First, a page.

Privatization, the contracting of public services to private operators, is seen as aiding in cost control for public transit. When the private sector operates such services, control of the operation remains with the public transit agency. In public transit cost increases above the inflation rate have been routine since establishment of operating subsidies. In recent years private operators have been largely excluded from public transit with the exception of school transportation. Traditionally schools have contracted more than 40 percent of their transportation to private operators. Other contracted public services include garbage collection, fire protection and building maintenance. Elderly and Handicapped (E&H) services marked the entry of public transit into privatization. The Federal Private Enterprise Participation Policy of 1984 requires UMTA to have its grantees give equitable consideration to private operators for new or restructured service. Labor agreement provisions also cannot stop the consideration of the private sector. APTA reports 48 percent of its members contract out E&H services as well as 27% other types of revenue operations. Transit agenicies also contract out 41 percent of bus body repairs, 35 percent major overhauls and up to 75 percent some administrative services. It is concluded that (1) public transit service will be sustained only if costs are controlled and public interests met; and (2) Contracting for transit cannot only bring costs under control but offers an alternative in solving fiscal problems facing public transit.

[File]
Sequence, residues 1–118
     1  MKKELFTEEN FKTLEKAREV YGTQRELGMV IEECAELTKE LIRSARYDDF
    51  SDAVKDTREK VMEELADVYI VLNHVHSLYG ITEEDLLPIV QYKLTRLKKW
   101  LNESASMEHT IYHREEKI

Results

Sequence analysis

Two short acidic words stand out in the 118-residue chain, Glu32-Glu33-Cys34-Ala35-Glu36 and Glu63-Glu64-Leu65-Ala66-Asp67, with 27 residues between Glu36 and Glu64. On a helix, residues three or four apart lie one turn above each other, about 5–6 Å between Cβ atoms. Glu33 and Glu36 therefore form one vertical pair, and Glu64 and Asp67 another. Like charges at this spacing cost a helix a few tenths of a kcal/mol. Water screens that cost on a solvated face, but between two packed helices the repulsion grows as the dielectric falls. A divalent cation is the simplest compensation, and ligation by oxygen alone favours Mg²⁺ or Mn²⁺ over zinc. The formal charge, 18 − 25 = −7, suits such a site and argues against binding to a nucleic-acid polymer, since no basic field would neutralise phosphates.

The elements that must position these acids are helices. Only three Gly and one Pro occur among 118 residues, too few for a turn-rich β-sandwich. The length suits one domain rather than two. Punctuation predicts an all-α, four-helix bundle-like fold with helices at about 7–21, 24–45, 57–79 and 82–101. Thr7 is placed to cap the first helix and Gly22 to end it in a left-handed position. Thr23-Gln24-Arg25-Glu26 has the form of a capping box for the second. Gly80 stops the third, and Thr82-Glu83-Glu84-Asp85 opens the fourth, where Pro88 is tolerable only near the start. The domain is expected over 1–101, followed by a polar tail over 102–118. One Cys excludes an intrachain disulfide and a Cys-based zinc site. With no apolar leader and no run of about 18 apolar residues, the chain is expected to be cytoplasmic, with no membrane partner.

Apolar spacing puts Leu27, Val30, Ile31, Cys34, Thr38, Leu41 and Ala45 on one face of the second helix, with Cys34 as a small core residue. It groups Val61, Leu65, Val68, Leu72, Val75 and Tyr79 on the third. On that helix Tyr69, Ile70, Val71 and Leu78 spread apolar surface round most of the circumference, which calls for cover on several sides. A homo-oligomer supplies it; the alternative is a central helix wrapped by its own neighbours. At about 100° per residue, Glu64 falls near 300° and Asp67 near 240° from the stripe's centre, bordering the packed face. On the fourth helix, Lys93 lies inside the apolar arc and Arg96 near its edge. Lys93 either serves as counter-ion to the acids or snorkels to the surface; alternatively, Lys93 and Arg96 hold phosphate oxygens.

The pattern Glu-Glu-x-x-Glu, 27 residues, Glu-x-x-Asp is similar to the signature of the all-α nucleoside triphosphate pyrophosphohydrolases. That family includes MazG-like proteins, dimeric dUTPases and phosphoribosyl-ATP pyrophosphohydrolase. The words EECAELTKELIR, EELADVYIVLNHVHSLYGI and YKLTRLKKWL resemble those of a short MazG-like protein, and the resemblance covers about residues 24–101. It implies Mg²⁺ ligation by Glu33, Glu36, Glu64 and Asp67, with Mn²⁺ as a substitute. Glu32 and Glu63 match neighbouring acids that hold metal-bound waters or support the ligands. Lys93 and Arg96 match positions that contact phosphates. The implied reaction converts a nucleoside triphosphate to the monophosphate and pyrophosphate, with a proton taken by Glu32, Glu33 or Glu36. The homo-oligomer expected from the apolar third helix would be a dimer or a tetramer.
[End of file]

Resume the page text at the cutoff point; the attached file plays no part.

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  • Corporate Authors:

    Bobit Publishing Company

    2500 Artesia Boulevard
    Redondo Beach, CA  United States  90278
  • Publication Date: 1985-9

Media Info

  • Pagination: 5 p.
  • Serial:
    • Metro
    • Volume: 81
    • Issue Number: 5
    • Publisher: Bobit Publishing Company
    • ISSN: 10098-0083

Subject/Index Terms

Filing Info

  • Accession Number: 00451134
  • Record Type: Publication
  • Files: TRIS
  • Created Date: Nov 30 1985 12:00AM